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Who decides what happens at your funeral?

Estates and trusts litigator Saman Jaffery

By Saman Jaffery

As you may know, a feud recently erupted in Nelson Mandela’s family respecting where the former South African president will eventually be buried. While Mandela remains in critical condition in hospital, his family’s very public battle played out in the courts and the national and international media last week. While Mandela’s family dispute has been mired in scandal, such family disputes concerning funeral and burial wishes are not uncommon.

In Ontario, where a person dies leaving a will naming an estate trustee, the estate trustee has the paramount legal authority to determine the place and manner of burial. There is no legal requirement for the estate trustee to follow the wishes expressed by the deceased, or those of the family of the deceased. While wills typically include burial instructions (such as a wish for cremation or to be buried in a particular cemetery), such instructions are precatory and not binding on the estate trustee. The estate trustee has the power to decide the place and manner of the burial, even in the face of objections from family members. Nonetheless, court proceedings may be commenced by family members who have different views and priorities, particularly where religious beliefs become an issue, than the estate trustee. These family members may be shocked to find that their deeply held beliefs will most likely be trumped by estate trustee’s power to decide, provided that the estate trustee ensures that deceased’s remains are disposed of in a decent and dignified fashion.

Where a person dies without will and an estate trustee has not yet been appointed by the court, the deceased’s next of kin can direct the manner of burial. However, when there is a dispute amongst the family members respecting the manner of burial and a compromise cannot be reached, court proceedings may also be commenced. Typically in such cases, there will be competing claims between family members seeking to be appointed as the estate trustee, so that they may be empowered to direct the manner of the burial.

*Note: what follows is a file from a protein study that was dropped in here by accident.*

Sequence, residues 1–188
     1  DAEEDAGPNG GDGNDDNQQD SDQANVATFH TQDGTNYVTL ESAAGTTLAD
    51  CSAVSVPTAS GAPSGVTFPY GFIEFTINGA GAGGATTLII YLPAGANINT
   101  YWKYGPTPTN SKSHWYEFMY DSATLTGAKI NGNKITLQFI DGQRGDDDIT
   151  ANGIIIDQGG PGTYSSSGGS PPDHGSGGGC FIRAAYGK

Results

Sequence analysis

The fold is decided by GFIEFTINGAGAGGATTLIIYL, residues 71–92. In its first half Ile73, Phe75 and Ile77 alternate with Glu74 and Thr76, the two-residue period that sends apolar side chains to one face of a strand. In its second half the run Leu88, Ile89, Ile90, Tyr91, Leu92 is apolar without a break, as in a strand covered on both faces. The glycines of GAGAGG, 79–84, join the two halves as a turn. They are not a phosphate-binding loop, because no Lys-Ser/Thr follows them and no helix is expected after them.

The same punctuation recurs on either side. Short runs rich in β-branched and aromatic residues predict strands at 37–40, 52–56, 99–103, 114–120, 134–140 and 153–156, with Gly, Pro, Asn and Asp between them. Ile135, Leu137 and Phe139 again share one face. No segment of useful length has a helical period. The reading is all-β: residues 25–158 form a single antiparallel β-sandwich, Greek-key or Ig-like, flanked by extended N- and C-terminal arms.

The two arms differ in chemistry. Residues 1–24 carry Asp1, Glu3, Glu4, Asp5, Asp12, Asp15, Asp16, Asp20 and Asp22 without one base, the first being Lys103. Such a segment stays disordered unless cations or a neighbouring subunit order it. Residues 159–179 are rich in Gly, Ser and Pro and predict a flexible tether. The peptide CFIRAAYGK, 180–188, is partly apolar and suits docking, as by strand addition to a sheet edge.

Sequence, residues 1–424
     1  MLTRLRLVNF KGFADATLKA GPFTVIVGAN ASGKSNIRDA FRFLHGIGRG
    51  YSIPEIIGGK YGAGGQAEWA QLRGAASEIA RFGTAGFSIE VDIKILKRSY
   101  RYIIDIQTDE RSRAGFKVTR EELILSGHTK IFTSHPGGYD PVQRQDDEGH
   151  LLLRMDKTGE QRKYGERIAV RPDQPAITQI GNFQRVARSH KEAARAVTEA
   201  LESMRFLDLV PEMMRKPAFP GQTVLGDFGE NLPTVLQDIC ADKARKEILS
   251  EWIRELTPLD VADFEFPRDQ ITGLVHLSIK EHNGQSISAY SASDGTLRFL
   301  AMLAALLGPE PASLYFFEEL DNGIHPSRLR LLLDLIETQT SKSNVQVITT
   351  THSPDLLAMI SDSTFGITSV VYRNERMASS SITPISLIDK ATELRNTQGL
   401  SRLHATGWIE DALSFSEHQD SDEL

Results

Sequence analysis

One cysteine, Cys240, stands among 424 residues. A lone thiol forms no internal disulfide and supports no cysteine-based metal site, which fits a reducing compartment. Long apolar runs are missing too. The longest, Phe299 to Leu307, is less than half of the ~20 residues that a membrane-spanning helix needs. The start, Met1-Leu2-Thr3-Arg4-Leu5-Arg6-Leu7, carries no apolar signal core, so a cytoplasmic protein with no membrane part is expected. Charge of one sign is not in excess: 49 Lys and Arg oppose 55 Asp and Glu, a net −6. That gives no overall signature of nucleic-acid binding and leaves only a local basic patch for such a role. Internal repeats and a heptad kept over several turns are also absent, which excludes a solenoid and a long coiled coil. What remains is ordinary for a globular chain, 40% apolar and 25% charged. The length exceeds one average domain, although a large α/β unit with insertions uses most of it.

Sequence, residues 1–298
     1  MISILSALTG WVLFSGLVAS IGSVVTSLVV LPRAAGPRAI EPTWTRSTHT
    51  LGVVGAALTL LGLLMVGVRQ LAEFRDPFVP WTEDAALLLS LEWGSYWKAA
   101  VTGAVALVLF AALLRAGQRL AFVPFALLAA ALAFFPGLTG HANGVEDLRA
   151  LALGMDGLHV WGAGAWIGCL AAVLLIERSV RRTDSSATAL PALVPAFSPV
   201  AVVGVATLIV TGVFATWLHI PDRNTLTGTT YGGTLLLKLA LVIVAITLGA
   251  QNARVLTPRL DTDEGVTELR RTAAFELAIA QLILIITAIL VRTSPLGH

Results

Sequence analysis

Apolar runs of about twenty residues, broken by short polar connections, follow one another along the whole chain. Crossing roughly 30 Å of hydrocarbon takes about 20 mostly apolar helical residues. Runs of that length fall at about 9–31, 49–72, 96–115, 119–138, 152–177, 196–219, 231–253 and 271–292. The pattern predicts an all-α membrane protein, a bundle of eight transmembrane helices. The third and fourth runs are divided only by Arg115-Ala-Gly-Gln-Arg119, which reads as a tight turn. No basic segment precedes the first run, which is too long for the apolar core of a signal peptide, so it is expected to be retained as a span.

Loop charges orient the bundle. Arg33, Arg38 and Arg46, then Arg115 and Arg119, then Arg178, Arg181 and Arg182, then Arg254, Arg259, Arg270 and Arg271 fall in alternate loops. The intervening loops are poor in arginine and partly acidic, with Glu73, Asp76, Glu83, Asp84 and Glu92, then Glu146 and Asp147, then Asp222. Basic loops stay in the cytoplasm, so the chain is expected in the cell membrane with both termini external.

This was the situation in the Ontario case of Buswa v. Canzoneri 2010 ONSC 7137. In the case, the deceased died without a will, and was survived by seven siblings. After the deceased’s death, an individual came forward alleging that she was the deceased’s daughter (this was denied by the siblings). A disagreement arose over the proper manner of burial of the deceased’s remains.  The deceased was a member of the Whitefish River First Nation, and his siblings wanted him to be buried in accordance with traditional Anishnabek practices. The (alleged) daughter argued that at the time of his death, the deceased was no longer an adherent to the Anishnabek belief system and had wanted to be cremated.

The siblings brought a motion seeking the appointment of an estate trustee during litigation for the limited purpose of disposing of the deceased’s remains.  Section 29(1) of the Estates Act provides that where there is no will naming an estate trustee, the court has the discretion to appoint (a) the deceased’s spouse/common law partner; (b) the deceased’s next of kin; or (c) the partner and the next of kin.

Although “next of kin” is not defined in the Estates Act, in the case, Justice Stinson considered definitions of the term found in various legal texts and determined that it referred to the person most closely related to the deceased. Stinson J. then considered whether he was satisfied that the (alleged) daughter was the deceased’s natural child.

While there was no DNA evidence and the deceased and the (alleged) daughter did not meet until 2008, Stinson J. found other evidence to suggest a father/daughter relationship (such as that the deceased had signed a statutory declaration that he was the respondent’s father).  He decided that on a balance of probabilities that she was the deceased’s natural daughter. Stinson J. then concluded that as the deceased’s natural daughter, she qualified as his “next of kin” and, accordingly, appointed her as estate trustee during litigation for the purpose of dealing with the deceased’s remains.

Nelson Mandala’s family dispute serves as an important reminder to choose an estate trustee whom you trust to make your burial decisions, and to clearly advise your estate trustee and family members about your burial wishes.

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